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The third installment of the Coupon Commandments series. Learn the major guidelines of couponing to reach a state of savings Zen.
Coupon Commandment #3:
“Thou Shalt Forget Everything Thy Know About Shopping”
Your mom probably taught you about shopping. She probably learned from her mom. And chances are they were both wrong. Sorry Mom!
Like most of us, you were probably taught to buy the largest or “value” size of an item to get the best deal. Or maybe you were taught to only buy generic. I want you to forget both of these “rules” for shopping because they no longer apply to you!
The ONLY time I buy generic, is if I am in desperate need of an item, and I don’t have a coupon for it. And even then, I debate the actual necessity (probably a little more than I should).
As far as buying the larger size, when using coupons, this strategy can sabotage your savings. In most cases, you want to buy the smallest size of an item that your coupon will allow. This will get you the lowest out-of-pocket cost. Sure you will get less of the item, but coupons are cheaper and easier to come by than cash, so you can get more coupons for more product easily.
And perhaps the most important thing to remember about coupon shopping–you cannot go in unprepared. No longer will you have unplanned trips to the store for an “oops I forgot we needed (insert product here)” Those are the dangerous caverns of financial destruction. Don’t believe me? Remember the last time you ran to Target because you were out of toothpaste, and then came out with a receipt saying you bought $57 worth of lipsticks, toilet paper, and a squeaky toy for the dog? Yeah. And don’t forget how you stopped at Starbucks on the way out the door for a post-shopping trip latte. Those spontaneous saboteur trips add up quickly. When you shop with a plan, you will have not only your list of items, but also corresponding coupons and you will also have your total figured out down to the last penny. That way, there’s no surprises at the checkout, AND it will be easier to stick to your guns and turn down the impulse buys when you know exactly how it is going to affect your bottom line.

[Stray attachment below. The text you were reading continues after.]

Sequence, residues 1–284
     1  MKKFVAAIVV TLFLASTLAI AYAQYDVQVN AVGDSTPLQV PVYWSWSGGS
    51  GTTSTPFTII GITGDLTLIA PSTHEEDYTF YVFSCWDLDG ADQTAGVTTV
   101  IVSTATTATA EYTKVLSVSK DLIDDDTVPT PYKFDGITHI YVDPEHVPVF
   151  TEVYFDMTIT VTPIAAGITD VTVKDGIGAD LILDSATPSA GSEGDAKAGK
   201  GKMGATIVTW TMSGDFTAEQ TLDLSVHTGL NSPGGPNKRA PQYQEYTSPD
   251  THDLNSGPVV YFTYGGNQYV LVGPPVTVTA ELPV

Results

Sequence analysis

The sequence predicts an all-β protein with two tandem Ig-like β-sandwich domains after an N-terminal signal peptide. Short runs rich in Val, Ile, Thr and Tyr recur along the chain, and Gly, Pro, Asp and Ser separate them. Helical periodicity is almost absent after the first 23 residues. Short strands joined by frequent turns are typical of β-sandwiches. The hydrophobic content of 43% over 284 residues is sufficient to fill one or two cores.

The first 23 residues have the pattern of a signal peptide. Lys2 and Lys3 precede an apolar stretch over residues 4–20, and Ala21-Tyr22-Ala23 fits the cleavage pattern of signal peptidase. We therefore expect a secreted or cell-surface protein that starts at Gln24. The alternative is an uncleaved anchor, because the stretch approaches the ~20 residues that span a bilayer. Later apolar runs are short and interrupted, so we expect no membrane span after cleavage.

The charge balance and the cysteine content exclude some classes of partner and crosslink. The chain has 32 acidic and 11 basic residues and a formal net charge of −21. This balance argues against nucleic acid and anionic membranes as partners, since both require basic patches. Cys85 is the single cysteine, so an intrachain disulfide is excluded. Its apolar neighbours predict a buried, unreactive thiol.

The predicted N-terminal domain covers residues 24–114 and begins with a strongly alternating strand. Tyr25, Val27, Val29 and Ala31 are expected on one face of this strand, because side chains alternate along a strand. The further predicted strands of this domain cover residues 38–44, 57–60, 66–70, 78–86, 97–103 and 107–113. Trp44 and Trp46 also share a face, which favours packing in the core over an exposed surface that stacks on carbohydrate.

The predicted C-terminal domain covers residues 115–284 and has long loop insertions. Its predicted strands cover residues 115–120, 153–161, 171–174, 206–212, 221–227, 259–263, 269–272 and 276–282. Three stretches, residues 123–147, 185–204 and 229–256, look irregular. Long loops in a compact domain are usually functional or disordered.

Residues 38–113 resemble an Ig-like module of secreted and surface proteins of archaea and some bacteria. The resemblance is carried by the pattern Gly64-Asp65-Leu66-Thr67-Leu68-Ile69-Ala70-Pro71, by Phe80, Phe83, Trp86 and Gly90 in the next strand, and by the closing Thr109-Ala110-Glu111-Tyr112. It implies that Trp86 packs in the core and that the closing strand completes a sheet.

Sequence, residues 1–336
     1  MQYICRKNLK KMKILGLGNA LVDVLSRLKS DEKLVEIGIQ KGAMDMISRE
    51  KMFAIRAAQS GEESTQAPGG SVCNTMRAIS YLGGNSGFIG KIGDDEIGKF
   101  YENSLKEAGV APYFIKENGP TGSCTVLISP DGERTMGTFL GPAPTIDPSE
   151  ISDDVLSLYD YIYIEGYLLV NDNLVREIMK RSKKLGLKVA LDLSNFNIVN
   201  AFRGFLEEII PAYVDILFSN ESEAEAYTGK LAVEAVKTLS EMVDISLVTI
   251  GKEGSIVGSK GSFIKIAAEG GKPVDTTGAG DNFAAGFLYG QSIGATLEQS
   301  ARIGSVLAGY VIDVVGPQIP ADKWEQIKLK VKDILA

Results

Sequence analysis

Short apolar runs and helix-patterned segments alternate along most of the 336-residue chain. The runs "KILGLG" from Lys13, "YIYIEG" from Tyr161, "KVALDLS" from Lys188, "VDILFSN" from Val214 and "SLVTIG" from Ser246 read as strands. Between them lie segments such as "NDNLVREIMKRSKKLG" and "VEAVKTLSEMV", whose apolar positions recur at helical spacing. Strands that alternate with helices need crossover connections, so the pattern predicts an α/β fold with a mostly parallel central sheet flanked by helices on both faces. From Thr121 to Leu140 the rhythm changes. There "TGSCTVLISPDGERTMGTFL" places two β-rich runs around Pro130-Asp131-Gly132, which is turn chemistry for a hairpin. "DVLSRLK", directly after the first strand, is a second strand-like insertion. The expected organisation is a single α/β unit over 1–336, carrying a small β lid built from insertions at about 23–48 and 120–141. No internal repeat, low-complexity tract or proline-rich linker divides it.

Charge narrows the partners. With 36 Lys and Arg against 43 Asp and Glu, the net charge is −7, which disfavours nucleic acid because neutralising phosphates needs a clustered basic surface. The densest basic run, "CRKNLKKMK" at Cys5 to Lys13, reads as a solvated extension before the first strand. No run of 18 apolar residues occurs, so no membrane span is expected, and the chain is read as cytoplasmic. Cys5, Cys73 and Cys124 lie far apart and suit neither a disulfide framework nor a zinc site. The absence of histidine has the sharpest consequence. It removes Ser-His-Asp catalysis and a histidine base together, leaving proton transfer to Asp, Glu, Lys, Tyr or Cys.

It is important to remember that when you first start out couponing (if you go at it full swing and start a stockpile) you will not build your stockpile over night. Nor should you. It should take you several months to build up a decent stockpile. You should buy extras of things that are free or a rock-bottom price that you know your family will use. You should buy enough of those items to last you until the next time that item goes on sale again. (Usually 12 weeks, but sometimes as long as 6 months).
But what if the items you need on your carefully planned out list are out of stock?? For example, yesterday for double coupon days at Rainbow I was counting on the Nivea deal to produce coupons for subsequent transactions and the store was completely out of all Nivea products. Then what should someone new to couponing do to handle the situation without ruining their bottom line? Thankfully I was able to modify my list quickly and had an arsenal of backup coupons with me but many might not. Something to think/blog about......
If you like to save money while still having fun, you're in the right place! Living on a budget doesn't have to suck.